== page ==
An antitrust policy is designed to affect competition. The general goal behind such a policy is to keep markets open and competitive. These regulations are used by different governments around the world although the laws often vary. Broadly speaking, antitrust law seek to wrong competitor businesses from anti competitive practices. The goals of antitrust policy is to (1) To eliminate deadweight loss of monopoly and promote social welfare and (2) Make it illegal for managers to pursue strategies that foster monopoly power.
Government oversight or direct government control over the price charged in a market, especially by a firm with market control. Price regulation is most commonly used for public utilities characterized as natural monopolies. If allowed to maximize profit restrained, the price charged would exceed marginal cost and production would be inefficient. However, because such firms, as public utilities, produce output that is deemed essential or critical for the public, government steps in to regulate or control the price. The two most common methods of price regulation are marginal-cost pricing and average-cost pricing.
Graphical presentation of Marginal-Cost Pricing:
An externalities is a cost or benefit which results from an activity or transaction and which results from an activity or transaction and which affects an otherwise uninvolved party who did not choose to incur that cost or benefit. For example, manufacturing activities which cause air pollution impose health and clean-up costs on the whole society, while the neighbors of an individual who chooses to fire-proof his home may benefit from a reduced risk of a fire spreading to their own house. If external cost exist, such pollution, the producer may choose to produce more of the product than would be produced if he were required to pay all associated environmental costs.
If there are external benefits, such as in public safety, less of the good may be produced than would be the case if the producer were to receive payment for the external benefits to others. For the purpose of these statements, overall cost and benefit to society is defined as the sum of the imputed monetary value of benefits and costs to all parties involved. Thus, it is said that, for good with externalities, unregulated market prices do not reflect the full social costs or benefit of the transaction. Government regulations may induce the socially efficient level of output by forcing firms to internalize pollution costs. Example of this is the Clean Air Act of 1970. EXAMPLES OF EXTERNALITIES
A negative externality is an action of a product on consumers that imposes a negative effect on a third party; it is “social cost”. Air pollution – from burning fossil fuels causes damages to crops, (historic) buildings and public health. Anthropogenic climate change – is attributed to greenhouse gas emissions from burning oil, gas and coal. Water pollution – by industries that adds effluent which harms, animals and human. Noise pollution – which may be is mentally and psychologically disruptive. System risk – describe the risks to the overall economy arising from the risks which the banking system takes. Socially Efficient Equilibrium: Internal and External Costs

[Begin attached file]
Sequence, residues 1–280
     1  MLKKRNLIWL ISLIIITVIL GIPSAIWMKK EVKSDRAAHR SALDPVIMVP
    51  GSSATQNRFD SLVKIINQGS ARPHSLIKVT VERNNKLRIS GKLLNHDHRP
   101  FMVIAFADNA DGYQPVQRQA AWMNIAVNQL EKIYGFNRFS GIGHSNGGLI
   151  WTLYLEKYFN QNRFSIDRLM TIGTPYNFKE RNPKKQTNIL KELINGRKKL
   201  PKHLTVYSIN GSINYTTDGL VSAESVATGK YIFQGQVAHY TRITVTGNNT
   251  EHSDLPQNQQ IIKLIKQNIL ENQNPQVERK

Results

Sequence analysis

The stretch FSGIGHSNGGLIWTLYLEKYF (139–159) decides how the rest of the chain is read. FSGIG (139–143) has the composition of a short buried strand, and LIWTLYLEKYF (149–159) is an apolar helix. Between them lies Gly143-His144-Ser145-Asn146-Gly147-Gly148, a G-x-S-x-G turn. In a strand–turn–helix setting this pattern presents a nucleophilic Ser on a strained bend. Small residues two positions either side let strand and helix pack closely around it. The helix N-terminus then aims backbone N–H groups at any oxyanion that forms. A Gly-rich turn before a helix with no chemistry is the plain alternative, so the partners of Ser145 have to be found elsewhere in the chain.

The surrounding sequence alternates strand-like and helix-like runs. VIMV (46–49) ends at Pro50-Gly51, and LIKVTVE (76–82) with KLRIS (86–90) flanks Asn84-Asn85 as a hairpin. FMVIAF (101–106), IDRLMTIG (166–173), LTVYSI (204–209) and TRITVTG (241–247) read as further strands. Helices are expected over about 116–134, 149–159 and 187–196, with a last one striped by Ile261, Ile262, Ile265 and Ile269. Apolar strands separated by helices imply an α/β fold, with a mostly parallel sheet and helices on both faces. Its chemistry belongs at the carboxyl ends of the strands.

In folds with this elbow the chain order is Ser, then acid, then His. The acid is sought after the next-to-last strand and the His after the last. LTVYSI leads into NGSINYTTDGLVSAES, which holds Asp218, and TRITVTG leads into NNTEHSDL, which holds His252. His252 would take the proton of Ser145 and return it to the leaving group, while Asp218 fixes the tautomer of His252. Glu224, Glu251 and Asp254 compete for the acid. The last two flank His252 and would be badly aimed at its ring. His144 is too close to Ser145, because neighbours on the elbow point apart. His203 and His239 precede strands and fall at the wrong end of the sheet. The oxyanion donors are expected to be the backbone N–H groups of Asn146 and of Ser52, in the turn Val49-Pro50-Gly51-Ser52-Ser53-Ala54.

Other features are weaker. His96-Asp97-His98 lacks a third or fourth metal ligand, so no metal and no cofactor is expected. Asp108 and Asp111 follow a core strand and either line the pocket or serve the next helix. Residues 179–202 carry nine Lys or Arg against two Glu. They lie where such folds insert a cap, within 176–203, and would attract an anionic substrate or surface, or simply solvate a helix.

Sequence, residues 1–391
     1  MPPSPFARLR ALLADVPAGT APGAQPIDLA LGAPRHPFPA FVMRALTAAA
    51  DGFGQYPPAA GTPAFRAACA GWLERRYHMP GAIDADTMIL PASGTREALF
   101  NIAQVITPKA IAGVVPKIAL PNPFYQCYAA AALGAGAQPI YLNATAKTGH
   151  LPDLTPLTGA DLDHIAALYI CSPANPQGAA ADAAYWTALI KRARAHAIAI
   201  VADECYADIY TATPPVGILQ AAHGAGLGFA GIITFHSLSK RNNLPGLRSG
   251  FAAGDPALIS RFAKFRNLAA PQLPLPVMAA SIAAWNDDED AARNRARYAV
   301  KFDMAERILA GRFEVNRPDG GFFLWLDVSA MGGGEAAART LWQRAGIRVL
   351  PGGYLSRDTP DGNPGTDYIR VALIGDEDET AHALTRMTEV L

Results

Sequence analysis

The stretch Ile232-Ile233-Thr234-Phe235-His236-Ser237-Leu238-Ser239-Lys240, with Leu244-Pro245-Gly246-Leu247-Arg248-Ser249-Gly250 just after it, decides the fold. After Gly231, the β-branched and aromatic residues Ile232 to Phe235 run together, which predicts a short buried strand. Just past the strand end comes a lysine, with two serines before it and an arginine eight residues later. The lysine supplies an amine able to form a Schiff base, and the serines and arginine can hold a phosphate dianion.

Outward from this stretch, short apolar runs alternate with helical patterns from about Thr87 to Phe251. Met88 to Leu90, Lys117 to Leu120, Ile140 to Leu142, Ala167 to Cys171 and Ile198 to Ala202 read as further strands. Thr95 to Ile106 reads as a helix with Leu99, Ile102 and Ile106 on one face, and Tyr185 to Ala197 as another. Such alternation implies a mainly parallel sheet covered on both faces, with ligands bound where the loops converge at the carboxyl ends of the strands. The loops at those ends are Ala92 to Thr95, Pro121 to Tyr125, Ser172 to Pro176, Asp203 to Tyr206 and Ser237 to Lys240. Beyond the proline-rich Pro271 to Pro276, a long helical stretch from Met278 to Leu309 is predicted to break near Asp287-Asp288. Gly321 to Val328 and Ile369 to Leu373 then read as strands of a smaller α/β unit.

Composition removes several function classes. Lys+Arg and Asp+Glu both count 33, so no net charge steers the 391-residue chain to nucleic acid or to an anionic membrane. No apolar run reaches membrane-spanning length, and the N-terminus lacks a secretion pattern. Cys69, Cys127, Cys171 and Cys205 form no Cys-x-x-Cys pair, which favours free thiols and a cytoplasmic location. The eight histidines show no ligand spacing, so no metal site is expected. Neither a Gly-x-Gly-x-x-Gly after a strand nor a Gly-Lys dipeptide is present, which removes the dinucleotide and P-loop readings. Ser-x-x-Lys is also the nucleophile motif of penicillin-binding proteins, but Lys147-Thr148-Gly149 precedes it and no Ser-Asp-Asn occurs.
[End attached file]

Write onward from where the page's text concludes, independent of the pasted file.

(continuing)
In economics, a public good is a good that is both non-excludable and non-rivalrous in that individuals cannot be effectively excluded from use and where use by one individual does not reduce availability to others. Examples of public goods include fresh air, knowledge, lighthouses, national defense, flood control systems and street lighting. Public goods that are available everywhere are sometimes referred to as global public goods.
Many public goods may at times be subject to excessive use resulting in negative externalities affecting all users; for example air pollution and traffic congestion. Public goods problems are often closely related to the “free-rider” problem, in which people not paying for the good may continue to access it, or the tragedy of the commons, where consumption of a shared resource by individuals acting in their individual and immediate self-interest diminishes or even destroys the original resource. Thus, the good may be under-produced, overused or degraded. Public goods may also become subject to restrictions on access and may then be considered to be club goods or private goods; exclusion mechanisms include copyright, patents, congestion pricing, and pay television.
Uncoordinated markets driven by self-interested parties may be unable to provide these goods. There is a good deal of debate and literature on how to measure the significance of public goods problems in an economy, and to identify the best remedies.
Graphical presentation of Public Goods:
Nonrival: A good which when consumed by one person does not preclude other people from also consuming the good. •Example: Radio signals, national defense
Nonexclusionary: No one is excluded from consuming the good once it is provided. •Example: Clean air
“Free Rider” Problem – Individuals have little incentive to buy a public good because of their nonrival & nonexclusionary nature. Public goods provide a very important example of market failure, in which market-like behavior of individual gain-seeking does not produce efficient results. The production of public goods results in positive externalities which are not remunerated. If private organizations don’t reap all the benefits of a public good which they have produced, their incentives to produce it voluntarily might be insufficient.